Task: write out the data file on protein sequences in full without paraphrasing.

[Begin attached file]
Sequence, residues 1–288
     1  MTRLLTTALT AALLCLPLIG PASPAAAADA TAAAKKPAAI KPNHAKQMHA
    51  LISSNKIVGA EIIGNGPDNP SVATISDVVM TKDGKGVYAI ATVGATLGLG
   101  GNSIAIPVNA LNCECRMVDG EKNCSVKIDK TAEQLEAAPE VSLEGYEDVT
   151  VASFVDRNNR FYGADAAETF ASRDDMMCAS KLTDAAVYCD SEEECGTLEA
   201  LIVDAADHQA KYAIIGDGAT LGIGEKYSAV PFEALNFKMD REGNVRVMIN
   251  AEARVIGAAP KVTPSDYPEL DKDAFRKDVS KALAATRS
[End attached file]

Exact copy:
Sequence, residues 1–288
     1  MTRLLTTALT AALLCLPLIG PASPAAAADA TAAAKKPAAI KPNHAKQMHA
    51  LISSNKIVGA EIIGNGPDNP SVATISDVVM TKDGKGVYAI ATVGATLGLG
   101  GNSIAIPVNA LNCECRMVDG EKNCSVKIDK TAEQLEAAPE VSLEGYEDVT
   151  VASFVDRNNR FYGADAAETF ASRDDMMCAS KLTDAAVYCD SEEECGTLEA
   201  LIVDAADHQA KYAIIGDGAT LGIGEKYSAV PFEALNFKMD REGNVRVMIN
   251  AEARVIGAAP KVTPSDYPEL DKDAFRKDVS KALAATRS